In February, the applicants submit a ranked list of places they interviewed at. The list does not have to include all the programs, however, not ranking a program means you would refuse to work there even if given an offer. Applicants cannot rank programs at which they did not interview. Simultaneously, each program ranks the applicants they interviewed. Again, they do not have to list all the people they interviewed, but they cannot list someone who did not interview.

In March a computer goes through and attempts to create the optimal pairing of applicants to programs. If multiple programs rank an applicant, the applicant is generally assigned to the program they preferred. If no programs rank an applicant high enough, that applicant will not get a residency placement (ie they will not have a job). On March 16th, 2012, all applicants will get an email telling them where they have been assigned. If an applicant did not match, they are generally notified the Monday prior and they go through something called the scramble.

So, where am I in all of this? Well, I'm applying to a combined residency program, called medicine-pediatrics. It's four years in length. At it's conclusion, I will sit both the internal medicine and pediatrics board examinations (ie I will be double-boarded). I applied to 19 programs and was offered interviews at 14 of them. I completed 11 interviews, but have not yet settled on what order to rank them.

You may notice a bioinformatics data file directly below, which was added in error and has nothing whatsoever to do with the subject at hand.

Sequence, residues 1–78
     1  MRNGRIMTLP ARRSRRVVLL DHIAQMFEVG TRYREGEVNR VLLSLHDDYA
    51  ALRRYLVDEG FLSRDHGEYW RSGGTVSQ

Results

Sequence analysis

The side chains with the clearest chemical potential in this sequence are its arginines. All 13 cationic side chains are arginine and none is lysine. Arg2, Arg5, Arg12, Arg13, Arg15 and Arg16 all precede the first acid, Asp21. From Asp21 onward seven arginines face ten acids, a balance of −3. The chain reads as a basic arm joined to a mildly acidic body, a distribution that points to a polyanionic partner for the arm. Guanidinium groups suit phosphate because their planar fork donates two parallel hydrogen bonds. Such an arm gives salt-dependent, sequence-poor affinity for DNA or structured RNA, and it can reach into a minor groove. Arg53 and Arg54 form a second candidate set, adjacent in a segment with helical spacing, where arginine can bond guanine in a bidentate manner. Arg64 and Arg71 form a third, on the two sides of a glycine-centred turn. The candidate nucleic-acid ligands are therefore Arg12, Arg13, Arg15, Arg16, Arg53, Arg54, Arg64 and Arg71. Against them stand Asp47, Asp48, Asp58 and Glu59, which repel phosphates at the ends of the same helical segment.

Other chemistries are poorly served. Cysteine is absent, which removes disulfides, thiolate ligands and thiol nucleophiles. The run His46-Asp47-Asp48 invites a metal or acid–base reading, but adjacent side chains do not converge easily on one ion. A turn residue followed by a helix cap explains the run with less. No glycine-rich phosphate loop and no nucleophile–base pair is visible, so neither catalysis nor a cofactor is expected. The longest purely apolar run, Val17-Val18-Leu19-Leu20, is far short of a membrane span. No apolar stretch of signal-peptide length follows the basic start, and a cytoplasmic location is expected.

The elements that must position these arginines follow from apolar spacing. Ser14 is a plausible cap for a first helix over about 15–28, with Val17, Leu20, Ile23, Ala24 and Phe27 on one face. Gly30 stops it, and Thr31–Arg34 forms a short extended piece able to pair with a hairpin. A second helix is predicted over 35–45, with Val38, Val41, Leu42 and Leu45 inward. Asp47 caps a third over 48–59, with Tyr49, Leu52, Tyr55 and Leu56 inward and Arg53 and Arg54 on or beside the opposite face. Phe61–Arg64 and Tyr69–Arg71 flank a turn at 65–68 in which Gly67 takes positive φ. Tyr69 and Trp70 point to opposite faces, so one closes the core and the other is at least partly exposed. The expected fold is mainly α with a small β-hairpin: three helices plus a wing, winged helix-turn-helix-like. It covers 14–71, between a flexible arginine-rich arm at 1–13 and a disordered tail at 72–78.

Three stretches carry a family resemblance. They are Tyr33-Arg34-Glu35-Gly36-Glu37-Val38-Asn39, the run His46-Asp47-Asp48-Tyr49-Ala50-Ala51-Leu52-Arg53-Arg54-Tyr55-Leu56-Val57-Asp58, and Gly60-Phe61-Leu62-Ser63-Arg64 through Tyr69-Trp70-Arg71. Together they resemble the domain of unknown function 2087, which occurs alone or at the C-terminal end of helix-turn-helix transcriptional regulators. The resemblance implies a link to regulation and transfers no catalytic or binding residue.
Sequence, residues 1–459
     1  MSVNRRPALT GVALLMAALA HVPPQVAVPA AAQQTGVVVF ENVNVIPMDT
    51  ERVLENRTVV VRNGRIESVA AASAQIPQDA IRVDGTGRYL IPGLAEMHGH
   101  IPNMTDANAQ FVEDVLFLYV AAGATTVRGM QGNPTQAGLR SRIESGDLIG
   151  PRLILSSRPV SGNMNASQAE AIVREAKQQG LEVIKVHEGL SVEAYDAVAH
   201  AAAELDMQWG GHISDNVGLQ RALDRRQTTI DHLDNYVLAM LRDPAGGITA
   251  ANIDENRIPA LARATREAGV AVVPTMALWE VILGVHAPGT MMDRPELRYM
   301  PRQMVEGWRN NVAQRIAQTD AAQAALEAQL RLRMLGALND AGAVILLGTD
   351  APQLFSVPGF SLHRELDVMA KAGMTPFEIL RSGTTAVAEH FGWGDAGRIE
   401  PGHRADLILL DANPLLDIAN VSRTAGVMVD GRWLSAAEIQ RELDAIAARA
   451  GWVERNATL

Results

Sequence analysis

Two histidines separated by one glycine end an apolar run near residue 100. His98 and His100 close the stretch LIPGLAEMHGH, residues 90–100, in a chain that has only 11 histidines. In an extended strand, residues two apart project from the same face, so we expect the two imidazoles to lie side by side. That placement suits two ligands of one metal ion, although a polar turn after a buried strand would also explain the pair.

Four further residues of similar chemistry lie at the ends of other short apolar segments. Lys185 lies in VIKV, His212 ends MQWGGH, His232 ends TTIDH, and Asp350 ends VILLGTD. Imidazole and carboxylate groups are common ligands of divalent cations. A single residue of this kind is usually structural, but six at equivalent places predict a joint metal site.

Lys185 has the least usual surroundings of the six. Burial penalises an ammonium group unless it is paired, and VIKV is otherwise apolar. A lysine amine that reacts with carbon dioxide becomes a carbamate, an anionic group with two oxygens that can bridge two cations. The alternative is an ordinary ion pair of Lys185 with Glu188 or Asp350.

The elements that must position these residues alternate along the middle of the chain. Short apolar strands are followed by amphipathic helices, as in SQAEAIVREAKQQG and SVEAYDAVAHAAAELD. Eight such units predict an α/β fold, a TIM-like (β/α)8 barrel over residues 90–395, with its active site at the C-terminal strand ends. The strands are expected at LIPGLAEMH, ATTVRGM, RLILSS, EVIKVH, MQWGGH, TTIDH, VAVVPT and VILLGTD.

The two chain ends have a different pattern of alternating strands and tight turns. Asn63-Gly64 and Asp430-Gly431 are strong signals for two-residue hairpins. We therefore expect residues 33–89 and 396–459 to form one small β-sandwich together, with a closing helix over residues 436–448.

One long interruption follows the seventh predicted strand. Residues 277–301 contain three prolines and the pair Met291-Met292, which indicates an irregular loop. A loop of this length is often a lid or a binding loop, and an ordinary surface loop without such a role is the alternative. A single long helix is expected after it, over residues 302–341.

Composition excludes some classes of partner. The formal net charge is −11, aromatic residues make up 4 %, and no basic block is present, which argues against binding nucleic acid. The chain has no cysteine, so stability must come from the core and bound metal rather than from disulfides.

Places I interviewed: UPenn/CHOP, Univ. Minnesota, Univ. Maryland, Univ. Michigan, Georgetown, Brown, Baystate (Tufts), UCLA, USC, UNC, Univ. Rochester

Places I declined to interview: UCSD, Vanderbilt, Univ. Chicago

Places I was rejected: Brigham & Women's, Mass Gen, Yale, Duke

Places I never heard anything from: Univ. Pittsburgh

05 January 2012

Free time

For those of you not in medical school, it's residency interview season. My particular medical school gives me two months off (read: vacation) in order to travel and complete interviews. Two months is more free time than I have head since, well, since I went to Thailand. So what did I do with this precious time? I intended to learn Spanish. That did not happen. Instead, I:

- traveled to 11 interviews (and saw friends!)
- took Step 2 CS
- visited my parents for two weeks
- met my boyfriend's parents (I took them to the anatomy lab)
- did crossword puzzles
- baked (a lot)
- tasted several varieties of gourmet cupcakes
- improved my skills at Burnout 3 on the PS2
- played Betrayal: House on Haunted Hill (board game)
- watched The Lives of Others and Lawrence of Arabia
- trained new SPIs at school
- taught the M2s pulmonary classics
- slept. slept more.

All in all, it was quite nice to live life at a reduced pace, however I don't think it really generated any interesting or funny stories for blogging. Except for that time I found $20.